Facebook Twitter

Les 10 photos les plus chères au monde. Focus Publié le 10 juillet 2009 | par pixfan La liste présente un classement du prix le plus élevé payé pour une photographie. 1. Photography Books of 2007. Deutsche Börse prize for photography goes to chronicler of displaced people. Jim Goldberg has won this year's £30,000 Deutsche Börse prize for photography, in a ceremony hosted by the Photographers' Gallery in London.

Deutsche Börse prize for photography goes to chronicler of displaced people

The Magnum photographer, who has documented the experiences of refugees, immigrants and displaced people from Africa, the Middle East and eastern Europe since 1983 in a project titled Open See, triumphed over a shortlist that included fine art photographer Thomas Demand, whom many insiders considered the favourite. Goldberg, who lives in San Francisco, and won the 2007 Cartier- Bresson Prize for an earlier version of the same project, describes himself as a documentary storyteller. Open See was shown to great acclaim at the Photographers' Gallery last year. Wear Good Shoes: Advice to young photographer. 3 procès en droit à l'image. LE MONDE | • Mis à jour le | Par Michel Guerrin Trois procès pour un seul livre, c'est rare.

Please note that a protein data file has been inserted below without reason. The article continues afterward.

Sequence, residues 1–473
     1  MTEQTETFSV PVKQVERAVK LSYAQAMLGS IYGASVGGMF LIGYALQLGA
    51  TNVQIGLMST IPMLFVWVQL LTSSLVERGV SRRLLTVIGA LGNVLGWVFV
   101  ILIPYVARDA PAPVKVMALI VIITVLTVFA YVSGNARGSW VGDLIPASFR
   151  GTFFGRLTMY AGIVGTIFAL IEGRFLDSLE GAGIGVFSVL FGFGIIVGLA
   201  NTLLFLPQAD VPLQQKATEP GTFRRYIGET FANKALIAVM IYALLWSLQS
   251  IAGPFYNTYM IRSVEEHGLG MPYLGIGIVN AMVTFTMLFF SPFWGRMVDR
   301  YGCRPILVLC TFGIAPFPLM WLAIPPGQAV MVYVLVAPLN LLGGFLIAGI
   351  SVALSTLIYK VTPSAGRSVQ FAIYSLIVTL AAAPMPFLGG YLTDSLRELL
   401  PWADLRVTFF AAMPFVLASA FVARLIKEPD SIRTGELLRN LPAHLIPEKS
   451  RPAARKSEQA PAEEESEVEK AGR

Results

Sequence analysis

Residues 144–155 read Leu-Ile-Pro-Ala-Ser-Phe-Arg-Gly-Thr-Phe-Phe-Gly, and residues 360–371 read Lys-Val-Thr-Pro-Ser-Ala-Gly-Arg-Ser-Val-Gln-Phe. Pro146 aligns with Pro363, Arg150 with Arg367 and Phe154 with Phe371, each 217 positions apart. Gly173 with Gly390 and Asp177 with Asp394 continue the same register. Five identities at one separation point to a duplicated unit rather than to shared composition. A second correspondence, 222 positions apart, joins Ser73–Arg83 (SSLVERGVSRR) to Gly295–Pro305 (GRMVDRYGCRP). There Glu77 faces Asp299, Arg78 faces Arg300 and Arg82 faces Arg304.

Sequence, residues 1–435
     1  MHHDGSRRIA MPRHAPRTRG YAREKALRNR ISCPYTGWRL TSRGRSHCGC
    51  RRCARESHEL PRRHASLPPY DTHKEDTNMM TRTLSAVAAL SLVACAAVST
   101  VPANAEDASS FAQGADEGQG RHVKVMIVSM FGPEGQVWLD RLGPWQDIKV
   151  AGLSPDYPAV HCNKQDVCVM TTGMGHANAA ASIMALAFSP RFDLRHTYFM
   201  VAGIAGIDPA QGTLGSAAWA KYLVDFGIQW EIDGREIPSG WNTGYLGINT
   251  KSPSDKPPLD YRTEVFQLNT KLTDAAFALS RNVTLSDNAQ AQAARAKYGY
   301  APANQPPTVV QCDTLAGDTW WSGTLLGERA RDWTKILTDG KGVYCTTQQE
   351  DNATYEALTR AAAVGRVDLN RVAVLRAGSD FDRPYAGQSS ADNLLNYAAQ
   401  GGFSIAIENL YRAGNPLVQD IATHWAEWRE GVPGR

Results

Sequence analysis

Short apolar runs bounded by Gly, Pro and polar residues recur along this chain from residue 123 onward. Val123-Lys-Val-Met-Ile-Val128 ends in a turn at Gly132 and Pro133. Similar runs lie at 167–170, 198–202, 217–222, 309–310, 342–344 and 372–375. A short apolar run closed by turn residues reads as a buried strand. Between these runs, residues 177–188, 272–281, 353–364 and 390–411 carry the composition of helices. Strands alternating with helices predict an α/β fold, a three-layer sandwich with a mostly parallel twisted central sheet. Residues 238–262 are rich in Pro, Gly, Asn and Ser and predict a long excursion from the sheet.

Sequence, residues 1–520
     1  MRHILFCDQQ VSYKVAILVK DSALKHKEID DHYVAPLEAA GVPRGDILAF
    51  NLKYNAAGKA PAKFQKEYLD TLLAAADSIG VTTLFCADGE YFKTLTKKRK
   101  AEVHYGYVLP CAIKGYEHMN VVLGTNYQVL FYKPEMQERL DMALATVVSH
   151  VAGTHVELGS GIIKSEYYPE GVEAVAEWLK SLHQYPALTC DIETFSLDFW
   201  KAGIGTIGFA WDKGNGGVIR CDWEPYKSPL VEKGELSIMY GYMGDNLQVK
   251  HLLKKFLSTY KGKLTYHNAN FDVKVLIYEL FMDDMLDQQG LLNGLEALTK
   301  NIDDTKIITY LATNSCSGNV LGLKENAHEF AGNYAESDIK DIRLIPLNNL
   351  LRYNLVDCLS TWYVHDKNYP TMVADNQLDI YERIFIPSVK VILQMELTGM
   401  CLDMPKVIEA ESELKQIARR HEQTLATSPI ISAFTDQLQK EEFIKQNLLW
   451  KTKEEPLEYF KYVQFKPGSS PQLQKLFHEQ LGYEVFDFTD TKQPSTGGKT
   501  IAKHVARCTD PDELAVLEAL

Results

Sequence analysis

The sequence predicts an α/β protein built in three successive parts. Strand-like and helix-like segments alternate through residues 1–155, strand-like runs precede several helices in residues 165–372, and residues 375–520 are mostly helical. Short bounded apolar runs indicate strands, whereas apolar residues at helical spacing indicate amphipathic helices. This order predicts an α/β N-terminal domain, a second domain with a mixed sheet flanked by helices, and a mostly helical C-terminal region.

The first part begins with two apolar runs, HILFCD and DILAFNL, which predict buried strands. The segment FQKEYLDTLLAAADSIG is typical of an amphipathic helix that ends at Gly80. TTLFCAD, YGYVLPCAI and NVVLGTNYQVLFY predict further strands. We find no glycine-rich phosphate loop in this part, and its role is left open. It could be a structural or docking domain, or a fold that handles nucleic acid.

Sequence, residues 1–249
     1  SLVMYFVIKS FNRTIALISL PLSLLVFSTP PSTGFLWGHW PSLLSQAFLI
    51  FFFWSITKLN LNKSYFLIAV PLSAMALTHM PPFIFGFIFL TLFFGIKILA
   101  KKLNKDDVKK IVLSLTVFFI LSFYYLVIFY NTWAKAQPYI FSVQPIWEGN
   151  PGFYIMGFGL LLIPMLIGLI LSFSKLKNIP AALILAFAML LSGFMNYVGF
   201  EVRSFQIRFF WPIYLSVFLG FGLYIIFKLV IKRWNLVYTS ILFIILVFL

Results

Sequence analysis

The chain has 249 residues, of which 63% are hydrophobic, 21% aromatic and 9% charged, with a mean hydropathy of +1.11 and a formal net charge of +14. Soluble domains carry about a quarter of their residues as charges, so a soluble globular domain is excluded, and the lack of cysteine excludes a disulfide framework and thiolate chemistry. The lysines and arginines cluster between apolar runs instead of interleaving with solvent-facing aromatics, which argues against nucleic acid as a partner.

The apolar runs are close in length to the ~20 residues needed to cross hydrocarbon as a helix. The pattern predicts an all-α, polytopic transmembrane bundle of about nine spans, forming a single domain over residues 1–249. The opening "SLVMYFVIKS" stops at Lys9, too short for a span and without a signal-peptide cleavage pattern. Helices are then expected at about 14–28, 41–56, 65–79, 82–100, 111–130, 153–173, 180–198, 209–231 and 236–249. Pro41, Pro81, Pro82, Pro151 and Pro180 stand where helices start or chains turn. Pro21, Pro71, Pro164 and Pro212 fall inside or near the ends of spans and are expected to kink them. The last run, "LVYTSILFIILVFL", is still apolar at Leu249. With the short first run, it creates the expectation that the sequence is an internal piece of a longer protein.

3 procès en droit à l'image

Et inédit pour un livre d'art. The Tennis Girl. If a single picture ever conveyed the sexual liberation, permissive society and hostility towards norms and authorities of the 1970s, it would be the iconic poster of “The Tennis Girl”.

The Tennis Girl

Taken at the end of the long hot summer in September 1976, the photo was not an accidental shot. Martin Elliot, then a photography student in Birmingham, asked his then girlfriend, 18-year old Fiona Butler to borrow a tennis dress, a racket and balls and to pose for him. Martin’s photo of Fiona lifting her dress and revealing that she was not wearing underwear is perhaps tame by today’s standards, but when he sold it to poster chain Athena, which published as part of the calendar for the Queen’s 1977 Silver Jubilee, it caused a sensation. Critics dismissed it a “schoolboy’s fantasy”, while Elliott himself said, “it is not a picture I would buy”, for it had only the appeal of a voyeuristic postcard. A well-deserved break.